Note: If your amiibo was trained prior to using this guide, please do not reset it. This section does talk about raising your amiibo to Level 50, but it also contains helpful tips to use when mirror matching your amiibo – these tips are essential even to amiibo that have already reached Level 50.
Raising an amiibo to Level 50 is widely considered to be the most boring and tedious aspect of amiibo training. For the best results, you have to raise your amiibo very carefully. You can’t just go all-out and use combos and aerials (both of which are frowned upon in the amiibo metagame). For this step, you will be mirror matching your amiibo all the way to Level 50. A “mirror match”, also known as a “ditto match”, is when you fight your amiibo while playing as its character – so in this case, you’ll need to play as Mario against your Mario amiibo. I recommend playing timed matches (anywhere from 3 to 5 minutes will do) on Ω-form stages only.
If you don’t know already, defense is one of the most important components to an amiibo’s success. Believe it or not, the amiibo metagame is not about combos, mindgames, or outsmarting the opponent. It’s about playing good defense and attacking decisively. Here’s a list of defensive-minded tips that you should play by during your mirror matches.
Defensive Training Tips
- Do not jump or use aerials. Amiibo can be trained to block incoming attacks within a fraction of a second. Their reflexes are faster than any human’s can ever be. If your amiibo is airborne, it can’t block – so if it misses an aerial attack, it will be left vulnerable. Remaining grounded at all times is every amiibo character’s best option and safest playstyle. There have been over 150 tournaments thus far, and each one has shown that aerial amiibo always fail.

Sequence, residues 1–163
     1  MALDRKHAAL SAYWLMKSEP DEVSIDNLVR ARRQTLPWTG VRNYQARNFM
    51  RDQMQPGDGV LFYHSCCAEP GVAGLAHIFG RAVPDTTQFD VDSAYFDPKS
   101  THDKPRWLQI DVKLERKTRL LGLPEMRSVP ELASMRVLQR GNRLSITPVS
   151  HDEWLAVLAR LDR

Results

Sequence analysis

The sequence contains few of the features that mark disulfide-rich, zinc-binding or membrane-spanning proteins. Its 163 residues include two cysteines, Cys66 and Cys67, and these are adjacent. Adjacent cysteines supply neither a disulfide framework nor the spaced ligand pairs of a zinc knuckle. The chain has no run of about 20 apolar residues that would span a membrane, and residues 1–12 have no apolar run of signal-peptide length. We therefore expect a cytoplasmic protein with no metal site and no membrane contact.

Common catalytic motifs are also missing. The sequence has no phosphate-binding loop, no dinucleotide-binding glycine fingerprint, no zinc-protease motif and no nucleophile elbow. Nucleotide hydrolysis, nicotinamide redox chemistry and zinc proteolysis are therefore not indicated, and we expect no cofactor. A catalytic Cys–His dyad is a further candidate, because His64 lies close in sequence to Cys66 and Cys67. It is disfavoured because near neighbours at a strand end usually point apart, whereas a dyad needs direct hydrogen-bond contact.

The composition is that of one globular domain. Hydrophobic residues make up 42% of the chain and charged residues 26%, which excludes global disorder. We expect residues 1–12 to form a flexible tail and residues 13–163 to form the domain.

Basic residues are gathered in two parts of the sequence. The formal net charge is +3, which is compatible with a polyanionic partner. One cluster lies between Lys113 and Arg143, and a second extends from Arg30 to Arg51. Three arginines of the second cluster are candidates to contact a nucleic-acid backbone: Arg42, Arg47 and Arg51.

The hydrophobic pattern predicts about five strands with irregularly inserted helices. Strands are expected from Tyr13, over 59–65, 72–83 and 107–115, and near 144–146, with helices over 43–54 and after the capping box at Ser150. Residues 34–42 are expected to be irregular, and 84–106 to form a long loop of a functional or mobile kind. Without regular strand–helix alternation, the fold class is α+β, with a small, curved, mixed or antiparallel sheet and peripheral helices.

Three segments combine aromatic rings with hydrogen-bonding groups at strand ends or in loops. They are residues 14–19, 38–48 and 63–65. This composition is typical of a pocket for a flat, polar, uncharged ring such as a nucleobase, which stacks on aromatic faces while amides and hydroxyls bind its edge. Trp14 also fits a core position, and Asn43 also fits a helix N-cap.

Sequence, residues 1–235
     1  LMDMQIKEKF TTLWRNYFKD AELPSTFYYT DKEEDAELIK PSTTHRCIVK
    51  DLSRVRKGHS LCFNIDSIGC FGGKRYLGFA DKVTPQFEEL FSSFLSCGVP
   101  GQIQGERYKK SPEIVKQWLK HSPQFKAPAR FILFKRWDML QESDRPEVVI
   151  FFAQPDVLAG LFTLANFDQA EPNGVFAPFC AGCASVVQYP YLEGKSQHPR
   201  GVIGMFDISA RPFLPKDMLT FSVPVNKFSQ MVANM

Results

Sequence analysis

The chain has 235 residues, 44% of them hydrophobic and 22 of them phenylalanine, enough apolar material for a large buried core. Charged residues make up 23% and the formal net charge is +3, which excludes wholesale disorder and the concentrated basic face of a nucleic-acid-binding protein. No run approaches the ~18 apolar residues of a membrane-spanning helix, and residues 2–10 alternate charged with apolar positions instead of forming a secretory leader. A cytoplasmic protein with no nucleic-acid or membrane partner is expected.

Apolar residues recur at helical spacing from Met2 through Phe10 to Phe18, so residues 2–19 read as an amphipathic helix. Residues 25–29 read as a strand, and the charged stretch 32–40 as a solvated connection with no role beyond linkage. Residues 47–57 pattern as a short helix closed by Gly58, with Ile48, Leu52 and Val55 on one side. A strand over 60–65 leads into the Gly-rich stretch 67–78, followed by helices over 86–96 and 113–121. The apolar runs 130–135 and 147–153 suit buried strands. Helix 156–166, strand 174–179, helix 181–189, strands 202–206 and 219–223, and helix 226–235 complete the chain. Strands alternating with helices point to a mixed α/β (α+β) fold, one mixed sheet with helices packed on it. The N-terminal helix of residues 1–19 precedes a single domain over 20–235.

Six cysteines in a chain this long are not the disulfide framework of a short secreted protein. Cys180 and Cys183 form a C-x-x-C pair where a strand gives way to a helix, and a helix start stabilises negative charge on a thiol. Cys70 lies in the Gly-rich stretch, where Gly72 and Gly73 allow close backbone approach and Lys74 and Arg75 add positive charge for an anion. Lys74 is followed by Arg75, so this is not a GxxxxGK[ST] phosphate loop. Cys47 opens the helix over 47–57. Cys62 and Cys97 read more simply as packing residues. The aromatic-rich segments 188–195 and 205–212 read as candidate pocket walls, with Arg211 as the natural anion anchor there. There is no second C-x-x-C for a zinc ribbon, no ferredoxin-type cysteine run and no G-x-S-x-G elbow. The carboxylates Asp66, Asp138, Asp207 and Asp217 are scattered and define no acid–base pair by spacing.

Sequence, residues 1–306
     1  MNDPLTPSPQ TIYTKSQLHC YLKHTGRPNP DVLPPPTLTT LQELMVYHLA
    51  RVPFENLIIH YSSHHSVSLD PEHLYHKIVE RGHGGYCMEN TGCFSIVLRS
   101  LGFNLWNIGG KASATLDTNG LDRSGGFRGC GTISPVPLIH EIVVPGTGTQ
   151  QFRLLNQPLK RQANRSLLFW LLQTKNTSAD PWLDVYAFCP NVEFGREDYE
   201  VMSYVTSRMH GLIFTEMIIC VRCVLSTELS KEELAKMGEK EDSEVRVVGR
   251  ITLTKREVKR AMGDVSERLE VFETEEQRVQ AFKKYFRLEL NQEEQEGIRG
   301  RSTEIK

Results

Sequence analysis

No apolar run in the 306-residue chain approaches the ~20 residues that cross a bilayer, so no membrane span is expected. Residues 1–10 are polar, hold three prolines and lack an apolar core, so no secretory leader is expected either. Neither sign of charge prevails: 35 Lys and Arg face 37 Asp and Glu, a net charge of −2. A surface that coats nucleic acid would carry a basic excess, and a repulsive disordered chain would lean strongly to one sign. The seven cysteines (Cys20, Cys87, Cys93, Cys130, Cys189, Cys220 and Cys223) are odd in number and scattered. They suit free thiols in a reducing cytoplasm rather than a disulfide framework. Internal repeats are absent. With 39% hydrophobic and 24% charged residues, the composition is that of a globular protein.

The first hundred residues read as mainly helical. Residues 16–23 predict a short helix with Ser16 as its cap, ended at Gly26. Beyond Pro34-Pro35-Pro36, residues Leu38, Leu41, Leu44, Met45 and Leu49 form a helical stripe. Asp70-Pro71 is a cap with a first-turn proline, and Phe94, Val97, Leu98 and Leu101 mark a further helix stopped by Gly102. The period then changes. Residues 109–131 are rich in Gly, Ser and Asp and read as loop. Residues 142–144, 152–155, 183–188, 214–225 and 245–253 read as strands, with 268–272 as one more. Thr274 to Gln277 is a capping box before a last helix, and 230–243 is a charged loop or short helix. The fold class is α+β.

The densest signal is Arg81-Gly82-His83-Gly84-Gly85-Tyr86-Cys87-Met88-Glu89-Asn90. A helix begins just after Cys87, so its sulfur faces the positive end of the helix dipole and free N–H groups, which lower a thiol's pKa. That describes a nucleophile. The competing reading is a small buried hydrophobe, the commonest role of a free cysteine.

- Focus on blocking and dodging your amiibo’s attacks. Since amiibo can react so quickly, you shouldn’t teach yours to randomly throw out attacks. Instead, its approach should be calm and calculated. During training, block or dodge as many of your amiibo’s attacks as you can. After perfect shielding or dodging, respond with a counterattack. When your amiibo is at low damage, use tilts and jabs. When your amiibo has taken a lot of damage, use smash attacks instead.
- Do not make any attempt to combo. Amiibo can only use combos that are hard-coded into their AI, and even these combos aren’t very effective tools in the amiibo metagame. Plus, since amiibo can block and dodge with incredible accuracy, combos will usually be ineffective against them. Focus on well-timed blocks, dodges, and counterattacks instead.